The state has begun lawsuits against five Connecticut retailers and sent warnings to 2,000 others after an investigation revealed widespread sale of unregulated and potentially dangerous THC products, Attorney General William Tong announced this week.
Tong discussed the legal actions during a Thursday press conference in the lobby of his Hartford offices. An investigation of dozens of convenience stores as well as tobacco and vape shops found pervasive sale of unregulated products containing well over the legal limit of THC, the psychoactive compound found in cannabis.
These edible products, often referred to by the compound name, delta-8, are frequently sold in sophisticated packaging designed to resemble commonplace snacks like Fritos or Skittles.
“We’re seeing delta 8 products being sold across the state,” Tong said. “Everywhere we went, to every vape shop that we visited and in gas stations as well.”
The products are generally derived from hemp, a type of cannabis used in a range of industrial and textile products. The federal government legalized its use under the 2018 Farm Bill, which required that it contain less than 0.3% THC.
Tong said officials believe the manufacturers of the illegal edible products found in Connecticut stores used unknown chemical solvents to elevate their THC levels far above that limit, making them potentially dangerous.
Tong said the products were “scary” because their packaging was “youth-attracting.” He showed reporters some of the products his office found on retailer shelves. One of them appeared nearly identical to a small bag of Fritos corn chips.
“This unlicensed product is six times the legal amount [of THC] that you could buy from a legal dispensary,” Tong said. “I’m just imagining my 11-year-old, if he happened upon this in our house, if it was lying around, he might think it’s Fritos. If an 11-year-old ingests this, they’re not going to stop at one… if they eat the whole bag, they are at dangerous risk of overdose.”
Although Connecticut legalized in 2021 the sale of cannabis products containing higher levels of THC, those products are regulated by the state Department of Consumer Protection and must be sold at one of the licensed dispensaries. Those dispensaries opened their doors to customers just last month.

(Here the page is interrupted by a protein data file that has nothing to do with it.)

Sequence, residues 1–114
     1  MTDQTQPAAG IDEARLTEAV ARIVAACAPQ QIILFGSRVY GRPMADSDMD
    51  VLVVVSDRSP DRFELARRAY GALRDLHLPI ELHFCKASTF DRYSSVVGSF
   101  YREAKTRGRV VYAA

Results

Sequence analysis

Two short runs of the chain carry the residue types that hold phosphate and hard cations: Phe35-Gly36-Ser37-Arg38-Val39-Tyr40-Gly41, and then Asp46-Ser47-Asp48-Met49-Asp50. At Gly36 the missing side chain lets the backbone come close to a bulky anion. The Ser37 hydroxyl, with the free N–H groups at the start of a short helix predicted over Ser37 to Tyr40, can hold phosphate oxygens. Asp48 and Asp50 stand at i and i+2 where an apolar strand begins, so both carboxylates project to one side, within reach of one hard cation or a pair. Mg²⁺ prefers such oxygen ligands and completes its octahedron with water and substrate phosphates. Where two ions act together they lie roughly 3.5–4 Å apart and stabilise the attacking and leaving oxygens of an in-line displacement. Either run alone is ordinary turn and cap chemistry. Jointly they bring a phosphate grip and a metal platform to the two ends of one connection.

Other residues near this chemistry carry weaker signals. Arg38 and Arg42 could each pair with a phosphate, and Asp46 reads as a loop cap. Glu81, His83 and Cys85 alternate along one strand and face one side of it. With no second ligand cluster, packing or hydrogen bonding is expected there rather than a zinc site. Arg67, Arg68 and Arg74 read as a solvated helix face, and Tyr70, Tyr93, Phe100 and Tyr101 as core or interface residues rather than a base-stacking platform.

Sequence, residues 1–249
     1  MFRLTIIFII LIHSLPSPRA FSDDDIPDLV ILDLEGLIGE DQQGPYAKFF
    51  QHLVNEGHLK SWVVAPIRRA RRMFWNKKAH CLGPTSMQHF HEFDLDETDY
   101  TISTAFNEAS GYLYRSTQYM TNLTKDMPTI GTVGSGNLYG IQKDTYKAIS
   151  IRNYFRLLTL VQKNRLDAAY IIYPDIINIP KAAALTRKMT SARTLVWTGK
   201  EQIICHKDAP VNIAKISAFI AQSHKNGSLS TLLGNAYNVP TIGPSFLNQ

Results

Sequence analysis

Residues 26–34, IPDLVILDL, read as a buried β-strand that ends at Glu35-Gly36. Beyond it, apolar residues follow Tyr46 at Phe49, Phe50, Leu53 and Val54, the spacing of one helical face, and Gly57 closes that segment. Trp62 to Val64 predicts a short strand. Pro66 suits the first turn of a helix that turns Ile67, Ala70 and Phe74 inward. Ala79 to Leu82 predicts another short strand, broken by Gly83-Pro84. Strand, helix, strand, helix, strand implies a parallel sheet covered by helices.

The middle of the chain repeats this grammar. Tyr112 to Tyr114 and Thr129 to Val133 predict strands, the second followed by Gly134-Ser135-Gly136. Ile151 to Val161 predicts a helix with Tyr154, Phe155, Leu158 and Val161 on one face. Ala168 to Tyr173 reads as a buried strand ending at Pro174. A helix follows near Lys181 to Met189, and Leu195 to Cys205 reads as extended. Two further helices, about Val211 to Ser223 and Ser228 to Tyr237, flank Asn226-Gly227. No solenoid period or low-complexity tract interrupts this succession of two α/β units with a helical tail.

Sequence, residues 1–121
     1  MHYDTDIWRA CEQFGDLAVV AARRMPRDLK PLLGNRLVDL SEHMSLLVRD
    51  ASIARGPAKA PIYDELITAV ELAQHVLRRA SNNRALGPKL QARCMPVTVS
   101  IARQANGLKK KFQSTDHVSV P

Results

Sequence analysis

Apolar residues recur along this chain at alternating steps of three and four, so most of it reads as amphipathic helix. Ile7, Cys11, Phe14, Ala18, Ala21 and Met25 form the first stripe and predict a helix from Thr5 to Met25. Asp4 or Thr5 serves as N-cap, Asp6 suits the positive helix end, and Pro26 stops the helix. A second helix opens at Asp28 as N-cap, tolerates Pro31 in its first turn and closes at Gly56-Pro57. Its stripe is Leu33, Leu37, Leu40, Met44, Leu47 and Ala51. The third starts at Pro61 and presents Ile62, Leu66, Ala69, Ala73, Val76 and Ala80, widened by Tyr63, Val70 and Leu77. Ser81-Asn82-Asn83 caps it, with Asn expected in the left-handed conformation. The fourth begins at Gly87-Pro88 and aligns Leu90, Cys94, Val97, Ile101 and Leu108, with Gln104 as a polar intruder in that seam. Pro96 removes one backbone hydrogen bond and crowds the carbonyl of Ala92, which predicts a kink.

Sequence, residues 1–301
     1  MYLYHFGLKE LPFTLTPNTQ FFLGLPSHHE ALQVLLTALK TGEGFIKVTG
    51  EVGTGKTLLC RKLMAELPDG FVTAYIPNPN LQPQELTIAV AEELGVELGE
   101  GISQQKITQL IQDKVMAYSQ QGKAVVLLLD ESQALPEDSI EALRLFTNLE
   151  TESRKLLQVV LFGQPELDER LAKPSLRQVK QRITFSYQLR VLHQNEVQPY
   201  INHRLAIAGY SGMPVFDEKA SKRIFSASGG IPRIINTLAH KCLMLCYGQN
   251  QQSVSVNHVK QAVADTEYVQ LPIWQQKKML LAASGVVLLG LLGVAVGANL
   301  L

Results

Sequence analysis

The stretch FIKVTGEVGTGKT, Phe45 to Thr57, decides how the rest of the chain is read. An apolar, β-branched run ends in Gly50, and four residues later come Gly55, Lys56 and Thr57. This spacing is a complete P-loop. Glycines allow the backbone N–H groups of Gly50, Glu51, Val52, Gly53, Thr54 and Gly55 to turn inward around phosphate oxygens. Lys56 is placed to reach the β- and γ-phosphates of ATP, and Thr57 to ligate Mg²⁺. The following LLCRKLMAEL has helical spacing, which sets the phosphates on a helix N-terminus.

“It is illegal to sell a delta 8 product with 0.3% THC or more here in Connecticut. Period. Full stop,” Tong said. “If you’re selling those products, not only are you in violation of the law and you’re going to get a visit and potentially a lawsuit or enforcement action from us, you’re also subject to criminal penalties.”
According to Tong’s office, the state has sued five retailers for carrying the products including AZ Smoke Shop and Wireless in Manchester, Reheem Mini Mart in Manchester, Smokers Paradise in East Hartford, 7 Puff in Enfield, and Anthony’s Service Station in Plainville.
Tong said he expected to initiate more enforcement action regarding delta 8 products, but he hoped retailers would voluntarily comply with the law. Anyone wishing to file a complaint regarding the sale of unregulated THC products can do so on the attorney general’s website.
“I think the problem, frankly, is that retailers are assuming that because we have a recreational and legal marijuana market… that they can do whatever they want,” Tong said. “The answer is ‘No you can’t do whatever you want and you can’t sell whatever you want. These are really dangerous, unlicensed products and who knows what you’re getting if you buy this.”
Last month, a group of Republican lawmakers announced a set of proposals they hoped to pass this year regarding cannabis in Connecticut including an explicit prohibition on the sale of THC products at gas stations.
On Thursday, House Minority Leader Vincent Candelora released a statement commending Tong’s announcement.
“We welcome Attorney General Tong’s voice and actions in this work, and we hope that a combined effort this legislative session will produce stronger guardrails around cannabis use and sales here in Connecticut.”